PORT NECHES, Texas—TPC Group L.L.C. is facing a fine of more than a half a million dollars by the federal government for a November 2019 butadiene plant explosion.
The $514,692 proposed fine from the Occupational Safety and Health Administration in the U.S. Department of Labor comes from the company exposing employees "to workplace safety and health hazards" following the mishap, the federal agency said.
The Port Neches facility was rocked on Nov. 27 after vapor formed and ignited at the base of a butadiene finishing tower. There were several explosions and fires at the facility, OSHA said.
"OSHA cited TPC for three willful violations for failing to develop and implement procedures for emergency shutdown, and inspect and test process vessel and piping components," the agency said in a statement.
TPC had 15 business days from notification from OSHA to comply, contest the findings before the Occupational Safety and Health Review Commission, or seek a conference with OSHA's area director. The review commission is an independent group.
The facility has an annual butadiene extraction capacity of 426,000 metric tons, which is about 17 percent of all U.S. capacity, according to previous reports.
A pair of TPC workers and a contractor were injured during the emergency, and approximately 60,000 residents were evacuated after the explosion. They were allowed to return four days later.
It was just about two months later that a Unified Command response to the explosion, including state, local and company officials, stood down and turned management of the situation over to the company.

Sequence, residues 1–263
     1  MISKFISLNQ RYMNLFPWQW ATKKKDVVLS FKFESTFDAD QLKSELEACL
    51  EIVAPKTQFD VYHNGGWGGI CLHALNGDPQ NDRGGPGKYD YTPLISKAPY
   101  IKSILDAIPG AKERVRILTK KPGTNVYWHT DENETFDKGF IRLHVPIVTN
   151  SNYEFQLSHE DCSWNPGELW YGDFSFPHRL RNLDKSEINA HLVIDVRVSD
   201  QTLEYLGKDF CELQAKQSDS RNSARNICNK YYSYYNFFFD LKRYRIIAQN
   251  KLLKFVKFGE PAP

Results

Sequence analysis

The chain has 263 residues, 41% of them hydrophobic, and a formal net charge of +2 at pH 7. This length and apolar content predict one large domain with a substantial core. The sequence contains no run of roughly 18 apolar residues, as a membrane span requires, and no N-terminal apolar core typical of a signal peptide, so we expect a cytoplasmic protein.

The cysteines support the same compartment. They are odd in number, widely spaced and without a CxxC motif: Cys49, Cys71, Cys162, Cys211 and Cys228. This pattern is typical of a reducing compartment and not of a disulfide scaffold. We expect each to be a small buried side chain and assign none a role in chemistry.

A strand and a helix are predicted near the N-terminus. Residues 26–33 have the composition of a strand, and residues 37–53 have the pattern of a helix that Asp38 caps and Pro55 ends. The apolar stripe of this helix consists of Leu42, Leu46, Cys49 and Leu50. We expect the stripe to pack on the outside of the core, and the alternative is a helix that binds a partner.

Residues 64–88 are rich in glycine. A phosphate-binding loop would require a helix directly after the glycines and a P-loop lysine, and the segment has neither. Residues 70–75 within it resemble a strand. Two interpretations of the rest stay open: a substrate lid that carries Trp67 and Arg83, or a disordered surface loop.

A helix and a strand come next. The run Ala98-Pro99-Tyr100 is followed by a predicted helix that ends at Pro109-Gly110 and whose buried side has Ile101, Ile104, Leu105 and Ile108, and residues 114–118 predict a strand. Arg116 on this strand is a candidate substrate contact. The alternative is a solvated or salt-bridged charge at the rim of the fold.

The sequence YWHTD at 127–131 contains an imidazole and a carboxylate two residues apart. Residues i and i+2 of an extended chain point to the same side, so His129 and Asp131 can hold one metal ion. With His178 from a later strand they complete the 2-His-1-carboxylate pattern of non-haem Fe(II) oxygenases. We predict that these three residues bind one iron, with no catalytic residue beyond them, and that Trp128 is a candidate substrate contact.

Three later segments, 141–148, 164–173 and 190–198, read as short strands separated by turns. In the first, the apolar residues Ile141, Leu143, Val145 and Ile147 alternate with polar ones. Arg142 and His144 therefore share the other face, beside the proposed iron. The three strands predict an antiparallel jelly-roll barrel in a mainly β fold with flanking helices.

"TPC Group has a highly skilled and dedicated team managing the response efforts, and they have demonstrated the capability and competency to manage this event and bring it safely to an end," Jefferson County Judge Jeff Branick said then.
County judges in Texas also serve as chief administrators for their jurisdictions.
"This is a significant milestone in the community's and TPC Group's progress toward recovery. Our focus has always been on community and site safety in protection of health and the environment, and those objectives continue to be met," Branick said at the time.
The company has said the explosion attracted reaction by more than 20 federal, state and local organizations. "More than 2,570 people participated in the response effort, including first responders, emergency responders, and environmental and remediation specialists," TPC said.
TPC, in January, also indicated that air monitoring would continue on facility property, including the use of 10 stationary locations at the fence line, 17 stationary locations inside the fence and 15 roaming locations inside the fence at that time.
"Based on the continued 'non-detect' readings in the community and the continued monitoring at the fence line, the radius of community monitoring will be reduced to the site perimeter," TPC said.
An April update on a portion of the company's website dedicated to providing information following the blast indicated all finished butadiene has been removed from the site. About 75 percent of all other butadiene-containing materials also had been moved off-site. The company was working to move other materials, including crude C4 and raffinate, in a process expected to be completed in mid-summer. Raffinate is what remains after butadiene is removed from crude C4.
Crude C4 is produced at ethylene crackers that use oil and natural gas to produce ethylene and propylene. TPC receives crude C4 from crackers around the world. Ethylene from crackers have a variety of uses, but the most common is the production of polyethylene. Butadiene, meanwhile, is a chemical intermediate that's used to make synthetic rubbers and elastomers.
By April, air monitoring had changed to four stationary monitors at the fence line, 14 stationary monitors inside the fence and 21 roaming air monitors inside the fence.